Linked by Thom Holwerda on Mon 21st Jan 2013 21:17 UTC
Windows The Verge has a learned a few interesting things about Google deprecating EAS and how this will affect Windows Phone users. As it turns out, Google informed Microsoft it was planning to remove EAS in the summer of last year, but without giving a firm date. Microsoft has been trying to get a six-month extension from Google, but so far with no luck. In the meantime, Microsoft is also working on adding CardDAV and CalDAV support to Windows Phone - so yay open standards.
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RE[2]: worst case for MS
by dpJudas on Tue 22nd Jan 2013 07:37 UTC in reply to "RE: worst case for MS"
dpJudas
Member since:
2009-12-10

Yes, there is no doubt that Microsoft has placed Direct3D 11 at the heart of Windows 8 (a trend that started with Windows Vista and is now virtually complete). And this is the only graphics API they want to support, with WPF layered on top for traditional desktop apps.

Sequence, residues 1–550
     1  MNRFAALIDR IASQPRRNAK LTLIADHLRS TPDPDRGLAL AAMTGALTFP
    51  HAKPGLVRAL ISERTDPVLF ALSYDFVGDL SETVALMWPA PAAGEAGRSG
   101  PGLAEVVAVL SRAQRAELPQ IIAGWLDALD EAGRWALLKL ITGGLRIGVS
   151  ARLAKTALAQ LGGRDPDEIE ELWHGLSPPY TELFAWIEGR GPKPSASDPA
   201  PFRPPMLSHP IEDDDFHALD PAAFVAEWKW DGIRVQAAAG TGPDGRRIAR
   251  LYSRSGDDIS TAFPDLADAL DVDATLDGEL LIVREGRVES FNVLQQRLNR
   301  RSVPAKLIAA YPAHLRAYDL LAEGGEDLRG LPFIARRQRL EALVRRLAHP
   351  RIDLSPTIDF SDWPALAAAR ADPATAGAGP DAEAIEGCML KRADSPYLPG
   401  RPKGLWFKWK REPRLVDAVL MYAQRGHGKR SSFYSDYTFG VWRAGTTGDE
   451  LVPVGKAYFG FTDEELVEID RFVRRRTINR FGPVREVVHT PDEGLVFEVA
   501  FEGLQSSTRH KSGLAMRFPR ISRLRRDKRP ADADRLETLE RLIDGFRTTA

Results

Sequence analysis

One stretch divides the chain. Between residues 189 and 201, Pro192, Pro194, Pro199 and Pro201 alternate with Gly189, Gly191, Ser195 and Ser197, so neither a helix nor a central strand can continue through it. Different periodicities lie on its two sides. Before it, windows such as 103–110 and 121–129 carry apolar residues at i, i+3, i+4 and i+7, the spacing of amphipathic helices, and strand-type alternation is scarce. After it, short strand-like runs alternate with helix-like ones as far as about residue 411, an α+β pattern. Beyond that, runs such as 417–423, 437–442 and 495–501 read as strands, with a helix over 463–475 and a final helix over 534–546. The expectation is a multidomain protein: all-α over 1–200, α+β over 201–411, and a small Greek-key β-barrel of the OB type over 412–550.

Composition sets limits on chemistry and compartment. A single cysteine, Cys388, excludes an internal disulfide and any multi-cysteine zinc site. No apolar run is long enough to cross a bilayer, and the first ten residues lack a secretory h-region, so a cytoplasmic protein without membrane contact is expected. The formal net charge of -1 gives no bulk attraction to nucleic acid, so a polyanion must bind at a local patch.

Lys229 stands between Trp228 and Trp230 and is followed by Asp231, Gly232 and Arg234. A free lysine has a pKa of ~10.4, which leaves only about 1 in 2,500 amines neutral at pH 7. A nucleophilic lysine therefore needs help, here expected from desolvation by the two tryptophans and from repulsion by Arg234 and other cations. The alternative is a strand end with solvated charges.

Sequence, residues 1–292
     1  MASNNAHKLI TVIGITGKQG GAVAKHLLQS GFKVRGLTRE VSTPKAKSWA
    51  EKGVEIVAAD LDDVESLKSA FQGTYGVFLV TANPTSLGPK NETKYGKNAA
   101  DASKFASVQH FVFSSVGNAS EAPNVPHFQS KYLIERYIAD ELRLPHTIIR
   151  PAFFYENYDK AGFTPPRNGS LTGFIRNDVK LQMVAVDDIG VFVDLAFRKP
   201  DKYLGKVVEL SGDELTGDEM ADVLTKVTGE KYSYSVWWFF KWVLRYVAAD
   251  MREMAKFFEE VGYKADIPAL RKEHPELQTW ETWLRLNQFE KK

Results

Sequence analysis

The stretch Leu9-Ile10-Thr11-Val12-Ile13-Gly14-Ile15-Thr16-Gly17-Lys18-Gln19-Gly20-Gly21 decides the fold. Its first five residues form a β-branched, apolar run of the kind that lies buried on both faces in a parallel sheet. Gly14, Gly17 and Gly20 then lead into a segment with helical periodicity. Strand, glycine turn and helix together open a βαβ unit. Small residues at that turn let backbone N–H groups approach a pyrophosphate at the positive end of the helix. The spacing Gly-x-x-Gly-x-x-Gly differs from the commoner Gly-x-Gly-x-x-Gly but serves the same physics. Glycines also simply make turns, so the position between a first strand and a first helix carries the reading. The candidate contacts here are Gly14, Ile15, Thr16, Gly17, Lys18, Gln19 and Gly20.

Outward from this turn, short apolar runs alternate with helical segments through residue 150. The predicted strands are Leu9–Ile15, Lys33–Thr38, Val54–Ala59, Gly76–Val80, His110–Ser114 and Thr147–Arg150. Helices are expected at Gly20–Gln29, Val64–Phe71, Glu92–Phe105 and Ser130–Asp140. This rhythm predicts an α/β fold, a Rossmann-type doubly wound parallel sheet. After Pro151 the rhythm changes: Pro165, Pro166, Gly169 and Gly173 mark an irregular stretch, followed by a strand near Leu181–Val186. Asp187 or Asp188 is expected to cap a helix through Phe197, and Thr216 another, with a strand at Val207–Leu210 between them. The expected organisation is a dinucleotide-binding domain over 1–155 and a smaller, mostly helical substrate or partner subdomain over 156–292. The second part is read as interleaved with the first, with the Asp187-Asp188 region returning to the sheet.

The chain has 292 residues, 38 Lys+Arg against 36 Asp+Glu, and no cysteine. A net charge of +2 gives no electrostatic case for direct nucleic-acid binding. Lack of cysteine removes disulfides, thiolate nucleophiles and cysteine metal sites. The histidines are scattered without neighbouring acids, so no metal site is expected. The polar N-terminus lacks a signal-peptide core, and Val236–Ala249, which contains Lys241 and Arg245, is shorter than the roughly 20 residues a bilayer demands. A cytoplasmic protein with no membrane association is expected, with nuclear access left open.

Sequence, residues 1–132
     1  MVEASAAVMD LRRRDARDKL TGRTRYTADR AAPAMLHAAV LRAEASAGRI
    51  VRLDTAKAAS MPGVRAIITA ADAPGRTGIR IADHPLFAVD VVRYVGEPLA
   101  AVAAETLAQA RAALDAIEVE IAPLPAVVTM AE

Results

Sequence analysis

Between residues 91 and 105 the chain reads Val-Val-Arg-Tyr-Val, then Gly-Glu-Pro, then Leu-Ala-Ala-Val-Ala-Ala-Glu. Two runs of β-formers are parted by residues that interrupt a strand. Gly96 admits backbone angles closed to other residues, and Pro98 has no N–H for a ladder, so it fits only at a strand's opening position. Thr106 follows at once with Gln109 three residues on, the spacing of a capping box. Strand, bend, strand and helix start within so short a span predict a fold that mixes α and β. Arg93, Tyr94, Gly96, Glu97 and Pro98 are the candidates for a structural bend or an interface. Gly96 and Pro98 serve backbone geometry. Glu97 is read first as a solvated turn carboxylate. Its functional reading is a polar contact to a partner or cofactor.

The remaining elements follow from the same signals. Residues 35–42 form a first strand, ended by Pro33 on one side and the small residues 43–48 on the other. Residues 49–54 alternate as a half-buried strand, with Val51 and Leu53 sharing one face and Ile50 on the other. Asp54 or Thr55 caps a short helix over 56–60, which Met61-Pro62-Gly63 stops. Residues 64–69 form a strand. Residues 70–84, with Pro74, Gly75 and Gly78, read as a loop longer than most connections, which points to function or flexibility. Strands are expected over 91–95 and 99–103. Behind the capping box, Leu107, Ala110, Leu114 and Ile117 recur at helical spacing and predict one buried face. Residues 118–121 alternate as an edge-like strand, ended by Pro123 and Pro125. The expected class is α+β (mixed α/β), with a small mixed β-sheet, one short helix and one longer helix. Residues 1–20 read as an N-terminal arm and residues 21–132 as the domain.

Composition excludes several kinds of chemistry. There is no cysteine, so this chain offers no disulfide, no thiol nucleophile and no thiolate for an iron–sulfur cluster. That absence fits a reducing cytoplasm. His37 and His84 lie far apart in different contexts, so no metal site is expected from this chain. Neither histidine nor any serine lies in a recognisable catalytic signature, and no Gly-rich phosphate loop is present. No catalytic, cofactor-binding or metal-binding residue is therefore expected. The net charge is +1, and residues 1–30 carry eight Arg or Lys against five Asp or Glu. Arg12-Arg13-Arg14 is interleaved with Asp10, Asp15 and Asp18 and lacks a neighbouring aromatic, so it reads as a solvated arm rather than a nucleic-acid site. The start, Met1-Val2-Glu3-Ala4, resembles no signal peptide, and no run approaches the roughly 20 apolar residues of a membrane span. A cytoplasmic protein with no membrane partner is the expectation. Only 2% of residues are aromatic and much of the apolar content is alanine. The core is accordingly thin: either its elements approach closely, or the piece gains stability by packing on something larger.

However that is not exactly news - they've been dreaming of this for almost a decade now. What is changing is their position in the market and what their competitors are up to. Virtually everyone else is standardizing on OpenGL (including WebGL for browsers).

So the real question then becomes whether developers will bother target Microsoft platforms or not. Obviously game developers going for the PC and console markets has no choice, but game developers for mobiles might simply choose not to bother. In the same way if WebGL based websites begin to take off it could become more Microsoft's problem that Internet Explorer isn't supported than the other way around.

Edited 2013-01-22 07:40 UTC

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